Living in SoHo
Mention SoHo, and many will dream of living in one of the fabled artists' lofts there. These hard to come by rentals, the galleries, and the stylish shopping all give SoHo a siren's call. As the name abbreviates, SoHo lies south of Houston Street. Its other borders are Canal Street to the south, Lafayette Street to the east, and either West Broadway or Sixth Avenue to the West. The SoHo-Cast Iron Historic District contains blocks of buildings with gorgeous cast iron architectural elements. Some side streets in this area are also paved with setts-regularly shaped cobblestones.
SoHo was many things before it became the sophisticates' center it is today. In the mid-19th century, it was the entertainment mecca of the city. As unsavory elements took root, the neighborhood shifted to support trade. By the 1950's, SoHo was full of sweatshops. Years later, artists saw the potential that empty manufacturing lofts held and quietly moved in. In 1971, zoning laws caught up to reality. Many art galleries opened in SoHo, then moved to Chelsea in the 90s. Despite gentrification, many artists still call SoHo home.
SoHo Lifestyle and Entertainment
The streets of SoHo are crowded with shops, restaurants, and bars. They're also just crowded, particularly on the weekends. Many people come here to soak up the sartorial sensibilities. They shop in stores selling Prada purses, G-Star Raw gear, and Apple computers. More unique offerings include reGeneration, a modern furniture store and exhibition space, and Kiosk, which imports kooky clutter from other countries. The wildlife of SoHo is all on the street. It's great people watching here, but there are no parks.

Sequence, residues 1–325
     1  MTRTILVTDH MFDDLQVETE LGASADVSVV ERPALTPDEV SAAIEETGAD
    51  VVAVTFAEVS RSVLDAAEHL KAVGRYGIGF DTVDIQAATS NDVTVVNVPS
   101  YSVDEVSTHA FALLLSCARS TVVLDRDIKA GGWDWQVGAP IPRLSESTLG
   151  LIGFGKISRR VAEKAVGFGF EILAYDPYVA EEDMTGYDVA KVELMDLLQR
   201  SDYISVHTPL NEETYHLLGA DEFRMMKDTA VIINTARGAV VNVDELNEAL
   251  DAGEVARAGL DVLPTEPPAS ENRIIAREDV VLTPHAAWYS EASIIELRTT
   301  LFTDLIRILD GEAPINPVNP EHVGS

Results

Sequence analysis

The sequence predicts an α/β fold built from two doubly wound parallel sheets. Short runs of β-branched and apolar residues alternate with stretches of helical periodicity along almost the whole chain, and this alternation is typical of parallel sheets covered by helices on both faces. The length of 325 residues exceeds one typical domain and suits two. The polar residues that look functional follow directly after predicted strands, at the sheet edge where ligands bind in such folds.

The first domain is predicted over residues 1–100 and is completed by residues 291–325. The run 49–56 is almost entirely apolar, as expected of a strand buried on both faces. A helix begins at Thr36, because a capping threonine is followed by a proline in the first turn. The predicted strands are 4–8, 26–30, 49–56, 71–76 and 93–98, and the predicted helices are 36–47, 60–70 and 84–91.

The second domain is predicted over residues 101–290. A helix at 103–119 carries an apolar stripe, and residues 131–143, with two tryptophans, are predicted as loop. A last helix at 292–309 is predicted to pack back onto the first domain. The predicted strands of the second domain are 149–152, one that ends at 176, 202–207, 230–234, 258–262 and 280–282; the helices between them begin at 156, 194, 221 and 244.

When you get hungry, check the side streets for upscale restaurants or grab something from a vendor on Broadway. Food highlights include Kittichai for modern Thai and Fanellli's Café-a slice of old New York that snuck through Prohibition with its own distillery. In SoHo, be smart and make a reservation if you don't want to wait. For a drink, try the Broome Street Bar to start. It has a community vibe that's good for artists on a sub-SoHo budget. To get your dance on, head to Don Hill's featuring rock genre DJs.
SoHo Info and the Rental Market
The quintessential SoHo loft is hard to find and harder to afford. If you do score one, expect 15-foot ceilings, cast-iron columns, and full-wall windows. You can more reasonably expect to end up in a one-bedroom in a non-doorman building, which will set you back an average of $3,842.
Now that the artist boom is over, most people who move into SoHo are wealthy young professionals and, actually, models. The area is popular with modeling agencies! Public transportation is very good from the neighborhood and you'll be close to a number of subway lines.
SoHo may be excellent for shopping, but it's low on services. There's a New York Public Library just on the other side of Lafayette, on Mulberry Street. You'll have to leave the confines of the neighborhood to find a post office, too. There's a MySportsClubs gym on Broadway and Spring. Manhattan's Community Board No. 2 covers the SoHo area.
SoHo Zip Codes
Zip codes serving SoHo are 10012 and 10013.